After clearing the bridge, the card worked just fine, and the wavefolding was even better. davebr has photos of all the V2 cards up on his website if you want a quick reference to check your cards against. If you want a higher-res closeup of a certain card, please feel free to send me a PM and I'll try to get a decent photo of what you need. Remember the troubleshooting checklist folks! It just may save you money on hair replacement treatments...

On to a note on the motherboard:

I noticed this awhile back, but forgot to point it out earlier. On the new, blue V2.1 motherboard, there is now an octagonal pad to designate the cathode (-) lead of every LED, even the ones not visible in the photo. On almost every LED I have ever seen, the cathode lead is the shorter of the two, even if the LED doesn't have a flat spot to designate the cathode. This may not seem like much, but if you have built one of the previous version before that had nothing but identical round pads for all the LEDs, this is a most welcome addition. It is REALLY easy to get lost on that giant motherboard, and to even lose track of which way is up if you're looking at it too closely. By the way, the octagonal pad appears on both sides of the board:



Another update soon, I hope.
Don T
OH yeah, I haven't mentioned this yet, but: When you are done, wash the board to get rid of the solder flux residue!! I don't care if it is the "no-clean" kind! The only way to truly know something isn't going to damage the board over time is to get rid of it! I've made many a dollar (in huge multiples) repairing gear that the factory and/or builder didn't bother washing the board when it was finished. Trying to find all the places on a piece of equipment where the solder pads have become separated from their traces due to corrosion is frustrating, time consuming, and if someone else is doing it for you, expensive!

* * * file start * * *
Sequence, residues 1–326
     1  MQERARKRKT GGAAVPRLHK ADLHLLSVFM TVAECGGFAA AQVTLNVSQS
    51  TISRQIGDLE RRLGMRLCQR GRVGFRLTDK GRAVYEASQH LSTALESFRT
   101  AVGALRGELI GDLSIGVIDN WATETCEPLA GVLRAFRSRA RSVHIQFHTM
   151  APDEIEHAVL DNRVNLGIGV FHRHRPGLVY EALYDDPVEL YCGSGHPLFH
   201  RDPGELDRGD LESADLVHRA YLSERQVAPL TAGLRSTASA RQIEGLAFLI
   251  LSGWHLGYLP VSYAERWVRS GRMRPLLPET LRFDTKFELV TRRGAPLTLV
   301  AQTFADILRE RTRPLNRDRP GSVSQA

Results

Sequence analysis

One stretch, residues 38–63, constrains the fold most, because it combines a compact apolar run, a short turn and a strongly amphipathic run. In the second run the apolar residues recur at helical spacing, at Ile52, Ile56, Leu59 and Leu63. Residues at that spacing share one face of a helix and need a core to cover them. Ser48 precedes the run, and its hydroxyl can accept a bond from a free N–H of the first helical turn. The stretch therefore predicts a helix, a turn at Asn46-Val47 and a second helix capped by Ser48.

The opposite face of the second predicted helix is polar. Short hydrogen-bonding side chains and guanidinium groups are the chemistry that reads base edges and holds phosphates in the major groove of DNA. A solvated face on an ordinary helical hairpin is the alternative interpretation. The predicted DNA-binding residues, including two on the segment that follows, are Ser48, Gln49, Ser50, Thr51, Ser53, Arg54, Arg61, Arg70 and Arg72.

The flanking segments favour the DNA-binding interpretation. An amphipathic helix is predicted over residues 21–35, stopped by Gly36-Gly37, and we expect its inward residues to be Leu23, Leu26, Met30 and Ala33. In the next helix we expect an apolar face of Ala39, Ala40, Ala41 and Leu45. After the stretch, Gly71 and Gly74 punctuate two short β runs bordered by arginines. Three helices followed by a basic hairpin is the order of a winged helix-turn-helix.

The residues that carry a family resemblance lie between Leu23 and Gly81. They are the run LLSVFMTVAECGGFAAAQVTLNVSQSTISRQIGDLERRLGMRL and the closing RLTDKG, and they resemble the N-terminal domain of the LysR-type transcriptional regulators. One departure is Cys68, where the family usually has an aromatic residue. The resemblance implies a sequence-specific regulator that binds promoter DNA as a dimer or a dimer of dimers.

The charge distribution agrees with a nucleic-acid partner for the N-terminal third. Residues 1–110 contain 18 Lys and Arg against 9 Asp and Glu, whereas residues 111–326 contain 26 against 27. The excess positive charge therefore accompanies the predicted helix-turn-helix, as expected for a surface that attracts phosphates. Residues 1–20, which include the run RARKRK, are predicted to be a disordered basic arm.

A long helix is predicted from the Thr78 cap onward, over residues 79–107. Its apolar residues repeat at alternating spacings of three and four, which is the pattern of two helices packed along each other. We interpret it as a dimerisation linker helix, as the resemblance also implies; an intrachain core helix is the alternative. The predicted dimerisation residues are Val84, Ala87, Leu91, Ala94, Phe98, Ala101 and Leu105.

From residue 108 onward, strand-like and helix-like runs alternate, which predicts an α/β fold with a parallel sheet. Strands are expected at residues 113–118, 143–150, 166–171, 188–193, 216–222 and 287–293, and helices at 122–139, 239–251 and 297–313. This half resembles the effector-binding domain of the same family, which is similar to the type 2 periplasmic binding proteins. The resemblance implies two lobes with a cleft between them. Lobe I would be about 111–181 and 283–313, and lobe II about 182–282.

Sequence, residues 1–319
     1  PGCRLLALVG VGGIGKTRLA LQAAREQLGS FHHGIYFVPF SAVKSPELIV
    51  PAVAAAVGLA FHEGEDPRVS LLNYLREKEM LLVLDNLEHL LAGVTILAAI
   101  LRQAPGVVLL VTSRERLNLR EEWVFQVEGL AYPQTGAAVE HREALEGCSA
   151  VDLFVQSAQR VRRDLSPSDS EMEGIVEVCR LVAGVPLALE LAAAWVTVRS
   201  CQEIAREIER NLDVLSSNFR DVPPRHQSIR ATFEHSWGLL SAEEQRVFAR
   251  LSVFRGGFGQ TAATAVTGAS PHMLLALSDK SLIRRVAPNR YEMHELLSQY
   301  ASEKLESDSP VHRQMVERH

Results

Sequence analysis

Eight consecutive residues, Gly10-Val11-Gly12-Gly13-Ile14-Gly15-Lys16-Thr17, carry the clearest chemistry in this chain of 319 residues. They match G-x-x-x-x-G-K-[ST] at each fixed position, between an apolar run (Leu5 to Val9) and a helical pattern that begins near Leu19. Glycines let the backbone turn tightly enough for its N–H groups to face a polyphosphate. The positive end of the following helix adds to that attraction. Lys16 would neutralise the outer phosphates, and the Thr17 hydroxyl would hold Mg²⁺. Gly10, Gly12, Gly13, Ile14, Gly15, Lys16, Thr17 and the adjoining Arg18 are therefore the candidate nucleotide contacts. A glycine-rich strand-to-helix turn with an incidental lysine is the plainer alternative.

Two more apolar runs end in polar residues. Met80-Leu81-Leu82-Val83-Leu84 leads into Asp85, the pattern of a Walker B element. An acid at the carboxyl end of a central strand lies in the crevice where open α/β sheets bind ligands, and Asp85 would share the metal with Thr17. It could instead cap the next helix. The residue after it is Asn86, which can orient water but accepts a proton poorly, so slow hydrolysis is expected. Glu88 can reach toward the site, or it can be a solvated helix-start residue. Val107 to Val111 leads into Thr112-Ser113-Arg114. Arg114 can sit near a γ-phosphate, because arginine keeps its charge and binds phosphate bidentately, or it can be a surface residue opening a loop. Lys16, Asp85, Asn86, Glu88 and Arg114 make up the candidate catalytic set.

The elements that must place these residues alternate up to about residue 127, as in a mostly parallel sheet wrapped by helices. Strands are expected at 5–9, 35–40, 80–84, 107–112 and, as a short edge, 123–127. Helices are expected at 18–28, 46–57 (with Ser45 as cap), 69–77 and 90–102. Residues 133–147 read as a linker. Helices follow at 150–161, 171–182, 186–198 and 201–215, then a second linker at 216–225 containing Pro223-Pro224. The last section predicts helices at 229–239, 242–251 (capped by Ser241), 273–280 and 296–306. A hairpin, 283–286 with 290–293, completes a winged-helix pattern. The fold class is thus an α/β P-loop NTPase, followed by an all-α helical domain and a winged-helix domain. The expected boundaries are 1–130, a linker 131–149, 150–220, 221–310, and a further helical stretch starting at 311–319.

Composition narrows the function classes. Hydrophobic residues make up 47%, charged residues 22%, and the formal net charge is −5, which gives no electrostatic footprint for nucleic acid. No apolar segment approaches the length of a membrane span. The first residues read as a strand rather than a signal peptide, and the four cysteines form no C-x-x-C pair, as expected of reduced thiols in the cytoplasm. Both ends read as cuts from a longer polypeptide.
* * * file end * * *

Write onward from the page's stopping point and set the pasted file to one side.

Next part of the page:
See, nice and clean. If you are troubleshooting a faulty board, sometimes washing it helps to find a bad solder joint, missing solder joint, or a solder bridge.

I won't go into "how" right here, since the method varies with the type of rosin in the solder used. That said, I do not recommend using those spray cans of flux remover at home. If you don't know why, just trust me. If you do know why, no explanation is needed.
Peake
Don T wrote:
That said, I do not recommend using those spray cans of flux remover at home. If you don't know why, just trust me. If you do know why, no explanation is needed.


Oh yes, learned that one... Thanks for the insight into Card 9. I've checked all component values, tested in-circuit for all resistors, caps, and diodes, confirmed diode orientation, checked against Dave Br's images for solder bridges, tested continuity on all of the bottom traces point to end point, swapped out all ICs, confirmed power to at least the 4136. Not a peep. Some of my caps are different than what I see on your build; I'll take it the three green film caps are ones you had in stock, etc.
MrRoper
Thanks so much for this thread Don T.

I havent built one of these yet as I was quite intimidated by all of the fixes needed on the old board but this new thread as well as Davebr's page has been a god send!

Currently saving to get in on this!

Also, sorry to go off track, but why are the aerosol flux removers a bad idea? Can you recommend something else?
Don T
Peake wrote:
I'll take it the three green film caps are ones you had in stock, etc.


Yes, most of the film/ceramic caps on my builds are recycled. The green ones in that photo came from a dead Roland JX-3P. If you see old-style ceramic disc caps in the photos, they came from either a dead Korg Poly-61 or a Polysix. Any part I recycle is tested to be in spec before it is soldered in.

MrRoper wrote:

Also, sorry to go off track, but why are the aerosol flux removers a bad idea? Can you recommend something else?